• Keyoka Kinzy

My Father

My father smells of work,

Like gasoline and metal and something spicy

That the wind blows into my nose,

And I can still smell him after he is long gone,

And I am sitting in the front seat with my mama.

She asks how it went,

A ten-minute meeting at a middle ground gas station.

I drop the money in the cup holder between us. Well, he’s fat,

As if he swallowed too big a bite of life,

And it thickened around his legs, swelled in his belly,

Sagged his arms, and filled his head.

She says I should try harder.

For years, we meet:

At a 24-hour McDonald's, at a grocery store

With my mama watching from the car or a far-off table,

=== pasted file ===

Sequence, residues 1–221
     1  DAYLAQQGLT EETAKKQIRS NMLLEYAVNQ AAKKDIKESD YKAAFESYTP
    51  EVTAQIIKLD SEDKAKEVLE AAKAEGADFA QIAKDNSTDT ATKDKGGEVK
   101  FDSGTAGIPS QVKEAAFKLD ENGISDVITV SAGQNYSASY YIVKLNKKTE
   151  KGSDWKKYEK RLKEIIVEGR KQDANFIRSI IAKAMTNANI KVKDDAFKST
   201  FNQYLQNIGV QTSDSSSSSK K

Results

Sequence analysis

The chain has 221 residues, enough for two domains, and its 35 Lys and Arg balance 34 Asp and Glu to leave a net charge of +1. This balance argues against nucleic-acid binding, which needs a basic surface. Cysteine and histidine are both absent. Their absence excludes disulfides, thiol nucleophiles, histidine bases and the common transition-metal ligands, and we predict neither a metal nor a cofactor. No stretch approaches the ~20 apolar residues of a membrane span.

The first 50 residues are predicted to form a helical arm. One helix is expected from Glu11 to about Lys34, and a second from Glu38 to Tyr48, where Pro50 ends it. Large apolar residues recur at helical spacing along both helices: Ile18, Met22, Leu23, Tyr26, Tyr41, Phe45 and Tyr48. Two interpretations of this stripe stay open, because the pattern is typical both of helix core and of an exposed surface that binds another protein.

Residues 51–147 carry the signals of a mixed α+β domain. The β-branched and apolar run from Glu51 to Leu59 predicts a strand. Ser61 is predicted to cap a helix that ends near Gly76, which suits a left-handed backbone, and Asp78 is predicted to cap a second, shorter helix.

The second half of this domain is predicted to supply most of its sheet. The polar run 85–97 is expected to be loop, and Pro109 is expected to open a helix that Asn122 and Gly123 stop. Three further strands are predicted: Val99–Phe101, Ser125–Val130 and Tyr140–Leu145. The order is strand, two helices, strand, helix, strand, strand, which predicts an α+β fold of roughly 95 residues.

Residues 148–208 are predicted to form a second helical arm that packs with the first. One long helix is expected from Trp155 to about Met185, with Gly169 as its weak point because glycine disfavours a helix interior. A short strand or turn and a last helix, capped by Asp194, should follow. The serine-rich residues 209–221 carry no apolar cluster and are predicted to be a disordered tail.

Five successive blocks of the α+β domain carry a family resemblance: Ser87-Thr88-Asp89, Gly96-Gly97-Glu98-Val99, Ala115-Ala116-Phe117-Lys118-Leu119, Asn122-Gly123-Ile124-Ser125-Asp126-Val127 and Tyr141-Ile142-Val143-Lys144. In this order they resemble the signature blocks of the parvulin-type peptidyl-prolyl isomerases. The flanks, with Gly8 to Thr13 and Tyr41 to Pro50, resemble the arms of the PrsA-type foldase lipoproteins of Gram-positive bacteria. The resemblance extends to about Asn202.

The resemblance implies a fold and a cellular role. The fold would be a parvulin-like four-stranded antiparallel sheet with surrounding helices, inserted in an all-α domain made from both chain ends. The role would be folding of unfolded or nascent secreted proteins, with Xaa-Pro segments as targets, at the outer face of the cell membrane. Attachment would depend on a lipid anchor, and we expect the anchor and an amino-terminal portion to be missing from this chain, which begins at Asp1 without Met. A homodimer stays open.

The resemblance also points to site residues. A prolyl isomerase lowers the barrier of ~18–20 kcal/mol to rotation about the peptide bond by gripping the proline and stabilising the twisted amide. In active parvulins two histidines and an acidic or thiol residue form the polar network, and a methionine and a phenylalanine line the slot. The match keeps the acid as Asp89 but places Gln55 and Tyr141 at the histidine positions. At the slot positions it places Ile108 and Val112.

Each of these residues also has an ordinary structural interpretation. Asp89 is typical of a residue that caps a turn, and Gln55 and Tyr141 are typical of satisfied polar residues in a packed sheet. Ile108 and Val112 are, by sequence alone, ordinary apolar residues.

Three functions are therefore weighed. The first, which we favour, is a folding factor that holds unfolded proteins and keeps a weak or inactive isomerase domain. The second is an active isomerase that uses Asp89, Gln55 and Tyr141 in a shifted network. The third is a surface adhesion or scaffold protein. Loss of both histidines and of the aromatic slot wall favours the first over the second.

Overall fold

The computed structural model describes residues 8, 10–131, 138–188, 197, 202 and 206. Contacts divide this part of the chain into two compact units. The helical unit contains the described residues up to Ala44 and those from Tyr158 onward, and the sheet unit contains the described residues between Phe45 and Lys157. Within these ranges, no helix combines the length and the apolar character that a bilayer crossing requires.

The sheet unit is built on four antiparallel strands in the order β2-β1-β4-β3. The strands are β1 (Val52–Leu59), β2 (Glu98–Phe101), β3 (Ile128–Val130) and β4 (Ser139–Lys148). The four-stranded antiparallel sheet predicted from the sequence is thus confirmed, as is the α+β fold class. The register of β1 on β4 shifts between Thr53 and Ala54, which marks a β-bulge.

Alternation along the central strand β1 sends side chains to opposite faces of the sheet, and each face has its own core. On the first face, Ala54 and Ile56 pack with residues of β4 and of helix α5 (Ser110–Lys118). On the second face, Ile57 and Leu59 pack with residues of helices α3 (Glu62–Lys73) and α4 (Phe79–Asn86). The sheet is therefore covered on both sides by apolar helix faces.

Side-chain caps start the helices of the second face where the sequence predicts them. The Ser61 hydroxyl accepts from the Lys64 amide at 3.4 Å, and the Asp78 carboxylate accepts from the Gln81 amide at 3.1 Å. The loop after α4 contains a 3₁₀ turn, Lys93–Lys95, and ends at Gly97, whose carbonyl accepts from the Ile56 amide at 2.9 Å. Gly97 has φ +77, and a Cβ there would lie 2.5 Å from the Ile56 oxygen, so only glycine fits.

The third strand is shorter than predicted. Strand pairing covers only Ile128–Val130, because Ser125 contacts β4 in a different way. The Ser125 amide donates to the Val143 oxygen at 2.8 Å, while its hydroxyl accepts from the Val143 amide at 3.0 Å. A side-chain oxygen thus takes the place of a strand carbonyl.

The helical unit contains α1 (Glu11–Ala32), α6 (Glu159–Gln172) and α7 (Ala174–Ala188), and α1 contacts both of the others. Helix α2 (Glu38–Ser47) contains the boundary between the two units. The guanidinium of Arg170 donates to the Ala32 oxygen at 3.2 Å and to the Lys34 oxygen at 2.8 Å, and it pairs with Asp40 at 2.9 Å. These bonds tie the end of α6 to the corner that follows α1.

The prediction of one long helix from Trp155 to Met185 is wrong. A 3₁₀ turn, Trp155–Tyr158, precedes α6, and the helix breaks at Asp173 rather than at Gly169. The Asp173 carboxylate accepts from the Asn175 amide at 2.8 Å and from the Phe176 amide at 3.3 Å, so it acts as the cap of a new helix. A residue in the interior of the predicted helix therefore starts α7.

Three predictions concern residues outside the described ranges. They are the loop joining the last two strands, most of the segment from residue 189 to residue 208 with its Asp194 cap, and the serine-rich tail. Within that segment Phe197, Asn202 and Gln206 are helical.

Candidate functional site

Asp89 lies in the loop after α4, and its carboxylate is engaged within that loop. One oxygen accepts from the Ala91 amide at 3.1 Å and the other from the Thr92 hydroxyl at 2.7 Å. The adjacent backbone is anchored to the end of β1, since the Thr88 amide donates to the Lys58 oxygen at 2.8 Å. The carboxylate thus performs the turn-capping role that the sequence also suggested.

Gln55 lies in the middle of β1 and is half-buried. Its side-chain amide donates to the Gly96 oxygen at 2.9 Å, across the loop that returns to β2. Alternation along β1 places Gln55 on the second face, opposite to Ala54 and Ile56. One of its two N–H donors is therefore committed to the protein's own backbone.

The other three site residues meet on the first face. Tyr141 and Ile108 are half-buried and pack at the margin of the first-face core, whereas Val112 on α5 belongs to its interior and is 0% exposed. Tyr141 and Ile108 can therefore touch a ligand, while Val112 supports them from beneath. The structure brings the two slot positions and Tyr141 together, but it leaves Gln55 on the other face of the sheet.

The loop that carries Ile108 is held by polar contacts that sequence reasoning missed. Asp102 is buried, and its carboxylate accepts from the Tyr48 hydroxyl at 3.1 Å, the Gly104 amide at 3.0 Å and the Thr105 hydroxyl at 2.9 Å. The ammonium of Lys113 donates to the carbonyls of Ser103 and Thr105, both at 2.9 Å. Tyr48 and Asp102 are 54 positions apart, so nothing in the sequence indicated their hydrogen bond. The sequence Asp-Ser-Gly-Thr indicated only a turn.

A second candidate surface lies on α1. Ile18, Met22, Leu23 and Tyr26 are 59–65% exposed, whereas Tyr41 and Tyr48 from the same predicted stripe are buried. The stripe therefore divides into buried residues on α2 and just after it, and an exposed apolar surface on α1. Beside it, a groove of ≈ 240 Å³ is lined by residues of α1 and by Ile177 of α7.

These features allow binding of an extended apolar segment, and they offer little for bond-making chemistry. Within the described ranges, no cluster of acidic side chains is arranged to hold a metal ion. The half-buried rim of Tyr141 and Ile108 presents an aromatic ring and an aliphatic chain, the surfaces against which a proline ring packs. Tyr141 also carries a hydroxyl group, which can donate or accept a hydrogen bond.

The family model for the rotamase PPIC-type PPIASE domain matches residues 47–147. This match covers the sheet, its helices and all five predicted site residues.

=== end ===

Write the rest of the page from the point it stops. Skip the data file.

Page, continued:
Hoping (I think) that I find myself

In staring at his fingers or his chin;

The mustache, the bald head.

I never told her I forgot how he looked every time,

That I had to sift him out of a crowd

From maybe-killers alone on benches.

He would kiss my forehead with whiskered lips

And say he didn’t have long.

Neither did I.

Published in the next issue of Ellipsis, UNO’s literary magazine

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